And that is without even going into the horrors of detainment for thought crimes.

Fred X. Quinby September 24, 2007 10:54 AM

Sounds like hokum, but if it isn’t, you can flash relevant jihadist slogans in arabic, refer to apocalyptic biblical passages by chapter and verse notation, Red Brigade graffiti, and any other number of culturally biased images until you get a match or the victim has a seizure.

Sounds neat, but when it’s all said and done you will have a machine that is very good at catching counter-terrorism experts.

George September 24, 2007 10:58 AM

Like the polygraph, a computerized subliminal image test is tremendously appealing to security apparatchiks. It exudes a “scientific” aura, and it may intimidate the unwary just enough to coincidentally obtain a few useful “catches” that “validate” it. More importantly, it’s a very useful piece of smoke-and-mirrors to conceal the unfortunate (and highly embarrassing) fact that no device actually exists that can reliably detect either liars or terrorists.

Like everything else the bushista “Homeland Security” bureaucracy foists on us, it may be utter hokum but it’s the best they’ve got. But their consistent approach has been that it’s more important to give the appearance of “doing something” than for that “something” to be effective.

Another prop for the Security Theater.

Rick Auricchio September 24, 2007 11:34 AM

My only disappointment with this scheme is that I didn’t think of it.

I often feel guilty that I haven’t been smart enough to ride the DHS gravy-train, since they’re wasting millions on stupid ideas.

It is morally wrong to let a fool keep his money…

Nick Lancaster September 24, 2007 11:40 AM

And suddenly, I am reminded of Dr. Gaius Baltar’s ‘cylon detector’ from Battlestar Galactica …

Have we really sunk to the level of buying comet pills? Egads. (That’s a rhetorical question, folks.)

Matthew Skala September 24, 2007 11:44 AM

If you take the test enough times, do the images become familiar because you’ve seen them so often (in the test itself), so that you then start to “fail” the test? If all frequent flyers test as terrorists, hilarity will ensue.

Nick Lancaster September 24, 2007 11:54 AM

I’m not up on the current season of BSG (as Comcast took SFC off our basic lineup, and I don’t watch enough TV to justify the extra $$$) … but to my knowledge, the cylon detector didn’t work, by Baltar’s own admission to the imaginary (?) Six.

cmills September 24, 2007 12:02 PM

Scrambled images… subliminal messages? Sounds like some precursor to a mass re-educating system. Oh wait, most Americans already have one in their living rooms.

Nomen Publicus September 24, 2007 12:03 PM

Don’t know about Cylons, but it reminds me of the scene in Blade Runner where the replicant is being tested.

The next step by TSA will be to redefine people with the wrong responses to certain images as “non-human” and subject to deadly force to “protect citizens.”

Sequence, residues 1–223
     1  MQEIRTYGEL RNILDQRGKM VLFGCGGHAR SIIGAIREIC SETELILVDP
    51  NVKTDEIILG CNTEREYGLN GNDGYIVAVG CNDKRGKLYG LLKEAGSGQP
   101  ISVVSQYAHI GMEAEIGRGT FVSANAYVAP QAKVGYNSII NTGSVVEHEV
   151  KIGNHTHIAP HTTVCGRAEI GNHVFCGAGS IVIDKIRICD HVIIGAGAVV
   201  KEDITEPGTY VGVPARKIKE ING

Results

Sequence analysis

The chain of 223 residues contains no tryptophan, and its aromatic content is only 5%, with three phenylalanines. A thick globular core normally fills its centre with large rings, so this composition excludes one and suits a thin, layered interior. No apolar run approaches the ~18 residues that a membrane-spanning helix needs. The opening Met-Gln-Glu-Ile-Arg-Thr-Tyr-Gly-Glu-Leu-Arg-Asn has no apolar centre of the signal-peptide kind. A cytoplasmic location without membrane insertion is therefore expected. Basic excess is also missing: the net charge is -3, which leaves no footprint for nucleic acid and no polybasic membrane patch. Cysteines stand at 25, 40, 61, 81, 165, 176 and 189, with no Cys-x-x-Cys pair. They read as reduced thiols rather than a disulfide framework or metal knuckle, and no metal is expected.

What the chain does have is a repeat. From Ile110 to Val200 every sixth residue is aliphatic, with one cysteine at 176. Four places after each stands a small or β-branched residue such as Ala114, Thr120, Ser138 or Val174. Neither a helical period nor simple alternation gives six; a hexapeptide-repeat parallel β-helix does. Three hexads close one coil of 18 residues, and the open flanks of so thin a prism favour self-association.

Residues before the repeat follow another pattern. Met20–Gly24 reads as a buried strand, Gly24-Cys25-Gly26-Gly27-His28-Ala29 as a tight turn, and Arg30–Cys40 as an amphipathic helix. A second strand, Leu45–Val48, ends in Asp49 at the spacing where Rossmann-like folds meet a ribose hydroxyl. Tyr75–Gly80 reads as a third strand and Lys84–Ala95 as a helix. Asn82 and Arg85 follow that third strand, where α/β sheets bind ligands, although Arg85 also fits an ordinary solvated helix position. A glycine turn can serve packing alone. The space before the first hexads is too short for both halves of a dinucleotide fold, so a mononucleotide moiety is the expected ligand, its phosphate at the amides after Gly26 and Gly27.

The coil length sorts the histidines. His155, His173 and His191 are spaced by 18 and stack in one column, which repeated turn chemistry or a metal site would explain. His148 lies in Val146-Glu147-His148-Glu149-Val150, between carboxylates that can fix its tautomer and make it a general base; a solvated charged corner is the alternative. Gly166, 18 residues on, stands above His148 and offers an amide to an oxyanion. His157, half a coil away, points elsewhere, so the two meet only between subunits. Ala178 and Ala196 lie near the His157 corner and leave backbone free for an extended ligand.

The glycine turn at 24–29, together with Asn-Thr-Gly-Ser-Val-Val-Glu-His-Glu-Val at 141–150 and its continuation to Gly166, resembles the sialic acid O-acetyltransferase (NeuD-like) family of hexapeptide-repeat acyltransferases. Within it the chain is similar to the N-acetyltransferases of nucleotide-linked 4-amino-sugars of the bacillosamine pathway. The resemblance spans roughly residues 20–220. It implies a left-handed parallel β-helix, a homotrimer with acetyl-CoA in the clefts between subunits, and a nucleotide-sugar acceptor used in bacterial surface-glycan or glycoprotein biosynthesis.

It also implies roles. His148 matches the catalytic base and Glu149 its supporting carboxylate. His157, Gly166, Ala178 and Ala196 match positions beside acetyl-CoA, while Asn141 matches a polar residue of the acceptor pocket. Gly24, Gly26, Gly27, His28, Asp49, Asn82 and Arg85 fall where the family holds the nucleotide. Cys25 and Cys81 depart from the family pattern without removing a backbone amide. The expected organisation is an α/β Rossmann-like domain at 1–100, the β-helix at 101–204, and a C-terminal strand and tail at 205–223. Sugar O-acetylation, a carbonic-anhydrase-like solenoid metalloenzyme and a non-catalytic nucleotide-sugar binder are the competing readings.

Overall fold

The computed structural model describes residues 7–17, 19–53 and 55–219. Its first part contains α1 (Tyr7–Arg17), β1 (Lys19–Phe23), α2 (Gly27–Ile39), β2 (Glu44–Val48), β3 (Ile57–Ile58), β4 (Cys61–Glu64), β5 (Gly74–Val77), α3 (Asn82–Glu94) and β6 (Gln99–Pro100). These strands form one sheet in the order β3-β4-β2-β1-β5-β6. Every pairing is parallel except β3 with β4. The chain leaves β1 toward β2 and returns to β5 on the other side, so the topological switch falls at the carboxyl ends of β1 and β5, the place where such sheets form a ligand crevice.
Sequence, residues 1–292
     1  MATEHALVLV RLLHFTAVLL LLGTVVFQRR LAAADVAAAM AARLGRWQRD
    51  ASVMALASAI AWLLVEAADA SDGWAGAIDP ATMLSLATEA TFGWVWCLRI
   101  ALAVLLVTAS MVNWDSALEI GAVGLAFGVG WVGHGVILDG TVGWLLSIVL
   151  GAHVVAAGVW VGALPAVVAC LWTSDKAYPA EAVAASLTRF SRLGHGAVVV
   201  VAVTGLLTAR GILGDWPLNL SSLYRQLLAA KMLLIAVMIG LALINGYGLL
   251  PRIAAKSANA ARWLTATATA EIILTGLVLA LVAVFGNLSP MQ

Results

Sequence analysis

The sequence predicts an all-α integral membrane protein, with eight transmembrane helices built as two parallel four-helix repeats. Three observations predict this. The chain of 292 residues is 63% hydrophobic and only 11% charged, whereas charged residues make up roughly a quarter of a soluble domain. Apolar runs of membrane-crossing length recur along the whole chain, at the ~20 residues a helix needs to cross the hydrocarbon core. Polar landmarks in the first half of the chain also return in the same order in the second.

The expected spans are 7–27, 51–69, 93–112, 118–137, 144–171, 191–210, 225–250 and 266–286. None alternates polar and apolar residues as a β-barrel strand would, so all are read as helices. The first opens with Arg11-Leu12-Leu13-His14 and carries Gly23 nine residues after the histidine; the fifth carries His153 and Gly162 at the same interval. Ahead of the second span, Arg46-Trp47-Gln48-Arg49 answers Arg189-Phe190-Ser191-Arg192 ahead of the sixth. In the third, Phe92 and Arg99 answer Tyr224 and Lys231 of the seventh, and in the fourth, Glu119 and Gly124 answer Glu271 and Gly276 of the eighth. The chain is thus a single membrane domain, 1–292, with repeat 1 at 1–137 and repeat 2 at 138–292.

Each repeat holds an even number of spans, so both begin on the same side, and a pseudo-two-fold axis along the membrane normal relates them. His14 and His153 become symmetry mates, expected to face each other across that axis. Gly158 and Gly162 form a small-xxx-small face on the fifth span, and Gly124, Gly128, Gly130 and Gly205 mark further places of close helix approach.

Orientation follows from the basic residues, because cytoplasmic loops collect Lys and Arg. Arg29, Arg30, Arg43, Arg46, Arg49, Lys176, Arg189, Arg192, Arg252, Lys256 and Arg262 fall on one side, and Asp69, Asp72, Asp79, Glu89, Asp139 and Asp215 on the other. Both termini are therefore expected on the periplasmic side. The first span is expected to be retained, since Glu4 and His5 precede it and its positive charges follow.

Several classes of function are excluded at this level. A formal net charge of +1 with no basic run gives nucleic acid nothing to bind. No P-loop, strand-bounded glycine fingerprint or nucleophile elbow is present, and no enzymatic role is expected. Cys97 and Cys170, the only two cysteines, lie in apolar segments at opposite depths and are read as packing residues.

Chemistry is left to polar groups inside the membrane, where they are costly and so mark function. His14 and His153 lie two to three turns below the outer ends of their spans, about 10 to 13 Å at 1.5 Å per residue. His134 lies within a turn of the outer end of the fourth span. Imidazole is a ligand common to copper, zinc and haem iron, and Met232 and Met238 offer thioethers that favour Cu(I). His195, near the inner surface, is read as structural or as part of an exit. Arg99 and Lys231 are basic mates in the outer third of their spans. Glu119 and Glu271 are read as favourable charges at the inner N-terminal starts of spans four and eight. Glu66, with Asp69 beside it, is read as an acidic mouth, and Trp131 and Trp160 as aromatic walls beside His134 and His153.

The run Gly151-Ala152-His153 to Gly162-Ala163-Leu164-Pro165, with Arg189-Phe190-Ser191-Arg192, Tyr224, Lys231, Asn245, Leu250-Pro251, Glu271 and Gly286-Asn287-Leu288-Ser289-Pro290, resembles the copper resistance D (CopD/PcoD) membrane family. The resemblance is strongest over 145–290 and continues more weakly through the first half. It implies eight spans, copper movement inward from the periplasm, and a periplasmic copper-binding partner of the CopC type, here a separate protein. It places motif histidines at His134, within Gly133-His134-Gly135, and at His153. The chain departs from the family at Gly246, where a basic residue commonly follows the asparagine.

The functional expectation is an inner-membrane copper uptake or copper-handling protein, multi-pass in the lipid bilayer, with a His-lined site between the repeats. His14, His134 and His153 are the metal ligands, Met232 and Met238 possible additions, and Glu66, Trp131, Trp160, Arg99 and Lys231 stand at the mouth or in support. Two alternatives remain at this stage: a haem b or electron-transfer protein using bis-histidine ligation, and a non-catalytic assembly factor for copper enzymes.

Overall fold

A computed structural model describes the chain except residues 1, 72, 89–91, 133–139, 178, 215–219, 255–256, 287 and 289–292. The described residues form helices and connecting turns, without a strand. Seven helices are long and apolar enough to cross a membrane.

cmills September 24, 2007 12:05 PM

Check out this gem (photo caption from the article):

“A dungeon-like room in the Psychotechnology Research Institute in Moscow is used for human testing. The institute claims its technology can read the subconscious mind and alter behavior.”

I’ll feel safer… if DHS programs my mind to feel safer.

Jeffrey Goines September 24, 2007 1:35 PM

Wouldn’t the daily consumption of, for example….2 video news feeds, 3 daily print mags and a few blogs scattered in for good measure whose context deals in “current” political information seed such “subliminal” triggers to where if at anytime those images/items were displayed/mentioned it would trigger a subconscious recognition of previously digested information?

Isn’t this system designed to fail by false positives alone?

cmills September 24, 2007 2:47 PM

@ Jeffrey Goines

I believe that it’s simply one of many fake security measures put in place to facilitate selective arrests and detainment. The government’s growing ability to surveille the public coupled with selective detainment points towards a communist-style shift.

X the Unknown September 24, 2007 5:58 PM

My father, a retired U.S. Air-Force officer, claims that part of their standard training was with silhouette recognition tests.

Silhouettes of allied, neutral, or enemy aircraft (and, I think, certain ground-vehicles) were flashed on a screen for 1/100th of a second. They had to identify them based on that flash.

Unless the DHS is talking Real Money for all of these Game-Stations, the screen refresh-rate is going to be somewhat less than 1/100 of a second. Television is 1/30, and most computer monitors default to 1/60.

Thus, it is quite reasonable to assume that a dedicated terrorist could be trained to consciously recognize the images in these brief flashes, and “game the system” by choosing the “right” button, instead of the “instinctive” one.